Hi, @Debbie. You don’t like the examples given in the Darwin Core Quick Reference Guide (Darwin Core Quick Reference Guide - Darwin Core)? OK, here’s a suggestion based on the latest occurrence dataset from GBIF’s Dodo (, namely Anfibios de la Ecoreserva San Antero (San Antero, Córdoba) - Proyecto Ecoreservas.

The citation for this dataset (in the EML) is “Instituto de Investigación de Recursos Biológicos Alexander von Humboldt, Oleoducto Bicentenario de Colombia S.A.S., Cenit Transporte y Logística de Hidrocarburos S.A.S., Ecopetrol S.A. (2023). Anfibios de la Ecoreserva San Antero (San Antero, Córdoba) - Proyecto Ecoreservas. \”.

[I’ve put a “\” before the DOI link to prevent this forum platform turning the URL into a title]

A representative record from this dataset is Occurrence Detail 4109994366, which has the unique occurrenceID “OBC-IAvH:ECORESERVAS:SANANTERO:AMPHIBIA:ESPECIMENPRESERVADO:I2D-BIO_2023_022:001”.

A bibliographicCitation for this particular record could therefore be

“Instituto de Investigación de Recursos Biológicos Alexander von Humboldt, Oleoducto Bicentenario de Colombia S.A.S., Cenit Transporte y Logística de Hidrocarburos S.A.S., Ecopetrol S.A. (2023). Anfibios de la Ecoreserva San Antero (San Antero, Córdoba) - Proyecto Ecoreservas. \ OBC-IAvH:ECORESERVAS:SANANTERO:AMPHIBIA:ESPECIMENPRESERVADO:I2D-BIO_2023_022:001”

There would be other ways to create a bibliographicCitation, but this one (dataset citation + unique record ID) only requires a little work, because it uses pre-existing data items.


Voila! Thanks @datafixer putting the example with the conversation is a fabulous way to help this post do more. Those who read this now get the “what not to do” and a “good working example” of better practice all in one lovely thread. Context really helps and now we can reference this post when we’re explaining this to others.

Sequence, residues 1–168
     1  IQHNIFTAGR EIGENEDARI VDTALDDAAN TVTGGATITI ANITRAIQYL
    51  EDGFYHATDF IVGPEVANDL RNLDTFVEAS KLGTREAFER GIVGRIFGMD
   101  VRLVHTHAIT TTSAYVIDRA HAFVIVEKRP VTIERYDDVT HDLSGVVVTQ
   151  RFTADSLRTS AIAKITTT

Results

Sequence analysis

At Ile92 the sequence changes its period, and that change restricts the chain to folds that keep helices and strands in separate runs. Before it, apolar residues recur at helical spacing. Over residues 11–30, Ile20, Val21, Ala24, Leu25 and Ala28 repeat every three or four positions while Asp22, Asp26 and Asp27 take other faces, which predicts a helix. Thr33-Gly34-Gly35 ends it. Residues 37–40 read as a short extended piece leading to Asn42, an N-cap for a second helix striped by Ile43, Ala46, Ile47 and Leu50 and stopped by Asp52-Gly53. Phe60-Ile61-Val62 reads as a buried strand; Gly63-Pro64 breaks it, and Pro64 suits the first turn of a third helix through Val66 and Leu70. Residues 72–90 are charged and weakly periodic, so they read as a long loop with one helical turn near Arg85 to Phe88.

@tuco perhaps we can link this to our dwc-qa list in the wiki. Seem reasonable? I could create a “bibiliographicCitation” wiki entry.

@Debbie @tuco Think of this post as a suggestion for Darwin Core: The Missing Manual, a publication I’ve been hoping to see listed on GBIF’s standards page someday.

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For me @datafixer, related idea I’ve expressed lots of times, is for a tool that lets us easily see things like

  • good examples
  • not good examples (the not case can be very helpful for understanding (as you know)

I’d like to also be able to (easily) see, for example

  • for given group (say, paleo)
  • show me the distinct dwc terms that paleo datasets use (including those in extensions)
  • show me distinct values (with counts) for a given dwc term that wants a controlled vocab
  • make it so that I can see those cases easily (browse the hits, in other words).

What would I do with this? Why useful?
It’s an eas(ier) way to show people
a) the realities of what’s inside those various buckets
b) it makes it eas(ier) to see what your neighbor is / is not doing
c) it makes it easier to get to “aha” moments of what’s possible / what’s hard to do well
d) it makes all sorts of metrics and quality efforts measurable. We can see / count if “distinct” values count is going down as we could posit it might … with work to share better practices, good examples, and better options and validations in our local CMS.
e) it could easily be part of our data validation efforts / tools / methods

Your idea of The Missing Manual – I love it. And I’d imagine something like what I just described above to be in it. You could also imagine such a tool being part of what would help us (finally?) do annotations and track their downstream effects.

(Anyone Intrigued?)